Aggregate Demand and Aggregate Supply
This chapter introduces the Aggregate Demand/Aggregate Supply model of macroeconomics. Read the introduction and Section 1 to learn about Aggregate Demand and the three effects (weath, interest rate, and international trade) that cause the downward slope. Recall the difference between quantity demanded and demand - the same logic applies to Aggregate Demand. Identify the variables that change (shift) the Aggregate Demand curve. Read this chapter and attempt the "Try It" exercises. You will revisit certain sections of the chapter later in this unit.
- Potential output is the level of output an economy can achieve when labor is employed at its natural level. When an economy fails to produce at its potential, the government or the central bank may try to push the economy toward its potential.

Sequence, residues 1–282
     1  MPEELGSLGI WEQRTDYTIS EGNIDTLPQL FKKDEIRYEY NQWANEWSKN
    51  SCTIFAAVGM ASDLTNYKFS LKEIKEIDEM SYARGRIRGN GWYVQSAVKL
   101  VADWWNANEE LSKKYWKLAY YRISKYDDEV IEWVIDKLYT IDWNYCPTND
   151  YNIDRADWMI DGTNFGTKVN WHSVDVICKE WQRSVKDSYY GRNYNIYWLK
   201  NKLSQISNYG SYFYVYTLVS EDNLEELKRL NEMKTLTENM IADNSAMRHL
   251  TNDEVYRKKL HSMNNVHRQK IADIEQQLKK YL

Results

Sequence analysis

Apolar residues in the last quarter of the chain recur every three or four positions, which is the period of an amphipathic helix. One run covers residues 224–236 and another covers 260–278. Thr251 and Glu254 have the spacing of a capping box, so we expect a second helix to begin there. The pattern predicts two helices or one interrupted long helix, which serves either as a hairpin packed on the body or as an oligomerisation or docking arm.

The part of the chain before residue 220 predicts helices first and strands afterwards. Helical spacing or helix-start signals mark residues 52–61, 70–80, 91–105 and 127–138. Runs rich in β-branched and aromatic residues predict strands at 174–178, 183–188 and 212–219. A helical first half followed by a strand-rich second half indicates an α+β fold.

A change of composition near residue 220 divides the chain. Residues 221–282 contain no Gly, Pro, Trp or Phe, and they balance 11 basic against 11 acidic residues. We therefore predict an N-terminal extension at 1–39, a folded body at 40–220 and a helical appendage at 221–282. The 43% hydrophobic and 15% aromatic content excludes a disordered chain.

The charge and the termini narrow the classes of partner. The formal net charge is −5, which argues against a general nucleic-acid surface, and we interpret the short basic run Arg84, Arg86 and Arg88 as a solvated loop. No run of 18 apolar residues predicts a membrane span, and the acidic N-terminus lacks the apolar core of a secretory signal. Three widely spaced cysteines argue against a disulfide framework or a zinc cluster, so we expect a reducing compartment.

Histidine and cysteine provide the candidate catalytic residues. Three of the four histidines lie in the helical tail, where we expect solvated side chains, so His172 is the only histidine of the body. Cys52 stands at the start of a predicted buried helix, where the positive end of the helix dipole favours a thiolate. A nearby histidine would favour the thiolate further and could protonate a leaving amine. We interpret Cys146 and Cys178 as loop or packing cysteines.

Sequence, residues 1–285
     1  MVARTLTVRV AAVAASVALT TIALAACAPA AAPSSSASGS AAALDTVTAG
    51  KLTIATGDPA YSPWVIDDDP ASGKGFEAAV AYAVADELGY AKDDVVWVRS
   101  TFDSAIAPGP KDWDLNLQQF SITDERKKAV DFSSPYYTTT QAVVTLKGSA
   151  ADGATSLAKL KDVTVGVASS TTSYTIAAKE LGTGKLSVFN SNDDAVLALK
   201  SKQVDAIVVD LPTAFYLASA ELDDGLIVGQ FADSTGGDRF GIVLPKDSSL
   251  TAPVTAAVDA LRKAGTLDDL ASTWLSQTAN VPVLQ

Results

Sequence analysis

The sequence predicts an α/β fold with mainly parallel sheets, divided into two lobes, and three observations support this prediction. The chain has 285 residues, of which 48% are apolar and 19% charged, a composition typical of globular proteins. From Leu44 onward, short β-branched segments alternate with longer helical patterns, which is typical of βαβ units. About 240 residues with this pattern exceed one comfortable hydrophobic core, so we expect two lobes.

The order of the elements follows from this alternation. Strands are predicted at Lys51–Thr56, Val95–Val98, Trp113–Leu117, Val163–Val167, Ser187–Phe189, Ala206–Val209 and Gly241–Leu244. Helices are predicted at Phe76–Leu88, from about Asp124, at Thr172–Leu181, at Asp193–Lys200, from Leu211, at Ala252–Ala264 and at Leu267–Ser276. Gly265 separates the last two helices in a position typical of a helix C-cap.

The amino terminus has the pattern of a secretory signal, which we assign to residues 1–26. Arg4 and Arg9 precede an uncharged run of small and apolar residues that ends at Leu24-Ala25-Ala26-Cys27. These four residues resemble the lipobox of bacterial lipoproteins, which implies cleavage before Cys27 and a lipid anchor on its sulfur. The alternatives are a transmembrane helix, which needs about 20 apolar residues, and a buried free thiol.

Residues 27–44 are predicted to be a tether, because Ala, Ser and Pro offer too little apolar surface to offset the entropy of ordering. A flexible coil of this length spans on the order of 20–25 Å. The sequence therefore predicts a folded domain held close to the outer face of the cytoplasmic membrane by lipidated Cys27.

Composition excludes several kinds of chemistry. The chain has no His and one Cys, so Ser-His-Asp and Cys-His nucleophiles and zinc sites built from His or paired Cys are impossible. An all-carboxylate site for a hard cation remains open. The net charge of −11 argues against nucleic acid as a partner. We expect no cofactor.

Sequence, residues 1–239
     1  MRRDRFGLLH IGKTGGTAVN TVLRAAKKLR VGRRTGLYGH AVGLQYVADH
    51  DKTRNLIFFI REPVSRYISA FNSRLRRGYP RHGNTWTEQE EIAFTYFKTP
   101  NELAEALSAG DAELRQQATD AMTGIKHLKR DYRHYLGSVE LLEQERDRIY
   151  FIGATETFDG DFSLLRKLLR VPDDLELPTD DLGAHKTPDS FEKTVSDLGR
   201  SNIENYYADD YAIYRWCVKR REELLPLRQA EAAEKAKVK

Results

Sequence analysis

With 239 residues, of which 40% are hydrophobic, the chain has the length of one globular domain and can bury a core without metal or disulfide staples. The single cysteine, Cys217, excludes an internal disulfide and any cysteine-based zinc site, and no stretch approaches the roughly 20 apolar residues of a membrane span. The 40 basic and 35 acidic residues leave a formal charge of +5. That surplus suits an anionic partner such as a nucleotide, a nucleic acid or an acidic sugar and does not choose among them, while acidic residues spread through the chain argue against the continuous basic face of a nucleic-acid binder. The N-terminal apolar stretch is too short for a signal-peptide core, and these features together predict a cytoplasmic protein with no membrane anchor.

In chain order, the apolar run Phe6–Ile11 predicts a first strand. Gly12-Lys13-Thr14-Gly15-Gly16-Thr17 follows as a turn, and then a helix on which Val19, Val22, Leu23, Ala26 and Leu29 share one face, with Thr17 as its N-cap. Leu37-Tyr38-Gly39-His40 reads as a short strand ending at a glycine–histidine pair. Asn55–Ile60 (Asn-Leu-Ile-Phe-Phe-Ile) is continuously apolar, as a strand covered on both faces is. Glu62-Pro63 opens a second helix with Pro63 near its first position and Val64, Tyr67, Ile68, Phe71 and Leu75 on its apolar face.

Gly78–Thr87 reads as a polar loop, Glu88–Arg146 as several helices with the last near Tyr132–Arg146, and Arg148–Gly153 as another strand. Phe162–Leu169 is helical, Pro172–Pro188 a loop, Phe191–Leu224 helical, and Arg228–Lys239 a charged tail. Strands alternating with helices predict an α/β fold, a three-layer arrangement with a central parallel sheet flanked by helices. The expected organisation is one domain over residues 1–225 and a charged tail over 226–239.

- The aggregate demand curve represents the total of consumption, investment, government purchases, and net exports at each price level in any period. It slopes downward because of the wealth effect on consumption, the interest rate effect on investment, and the international trade effect on net exports.
- The aggregate demand curve shifts when the quantity of real GDP demanded at each price level changes.
- The multiplier is the number by which we multiply an initial change in aggregate demand to obtain the amount by which the aggregate demand curve shifts at each price level as a result of the initial change.